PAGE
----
August 3, firstname.lastname@example.org
The Navy is making several changes in the second phase of its pilot program for processing discrimination complaints because of concerns raised by the Equal Employment Opportunity Commission.
According to a Navy study, the pilot program, which started in June 1998, has saved the department more than $34,000 per case. A spokesperson for the Navy Office of Information said the service hopes to eventually replace its traditional EEO system with the new streamlined program.
In June, the EEOC ruled in favor of two Navy employees who had filed appeals against the Navy last year. The employees filed appeals after the pilot program failed to resolve their cases. The commission ordered that both cases go through the traditional EEO complaint process, and told the Navy to suspend the pilot program.
EEOC officials are concerned about confidentiality, fairness and neutrality for cases in the Navy pilot program that fail to reach resolution. If complainants choose to participate in the pilot program, they must waive certain rights: the right to remain anonymous, the right to request a hearing before an EEOC administrative judge, and the right to opt out of the the program.
A spokesperson for the Navy said that phase two of the pilot program will address EEOC concerns and recommendations.
"Phase two addresses the recommendations made by the EEOC and complies with the federal requirements noted by EEOC. Our goal is to press ahead with the pilot and continue to improve upon the success we experienced in phase one," Lt. Jane Alexander said.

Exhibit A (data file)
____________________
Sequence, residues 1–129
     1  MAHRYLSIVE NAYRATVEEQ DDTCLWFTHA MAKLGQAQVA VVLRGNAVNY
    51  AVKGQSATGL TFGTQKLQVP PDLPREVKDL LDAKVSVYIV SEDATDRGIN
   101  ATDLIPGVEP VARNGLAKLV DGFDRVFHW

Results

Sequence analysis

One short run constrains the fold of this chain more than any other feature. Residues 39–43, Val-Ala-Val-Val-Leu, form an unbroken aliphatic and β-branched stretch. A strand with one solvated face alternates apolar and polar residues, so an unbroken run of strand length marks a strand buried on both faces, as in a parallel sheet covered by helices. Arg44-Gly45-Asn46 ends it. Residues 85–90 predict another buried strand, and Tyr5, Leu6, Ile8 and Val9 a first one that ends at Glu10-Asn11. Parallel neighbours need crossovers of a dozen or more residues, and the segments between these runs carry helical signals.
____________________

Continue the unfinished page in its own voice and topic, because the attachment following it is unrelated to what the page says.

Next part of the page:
According to the EEOC, the pilot program's "opt out" waiver deprives the employee of returning to the traditional process if alternative dispute resolution (ADR) efforts do not resolve the issue. The absence of a hearing also avoids making EEOC judges' decisions binding on the parties.
Alexander said that phase two will give employees the option to abandon their complaint under the pilot process at any time and return to the traditional EEO complaint process, if they so desire.
Last November, the EEOC ordered agencies to establish ADR programs, which are designed to settle disputes outside a courtroom using some form of arbitration or mediation. In the June decision, the EEOC says ADR is intended to work within the traditional EEO system, not replace it.
Both House and Senate versions of the Defense Authorization Act for fiscal 2001 (H.R. 4205 and S. 2550) contain provisions that would authorize the Navy to establish its own ADR program apart from the traditional EEO process. The Clinton administration opposes the provision, saying it would prevent the EEOC from addressing concerns raised by complainants. The two bills are now in conference committee.
August 3, 2000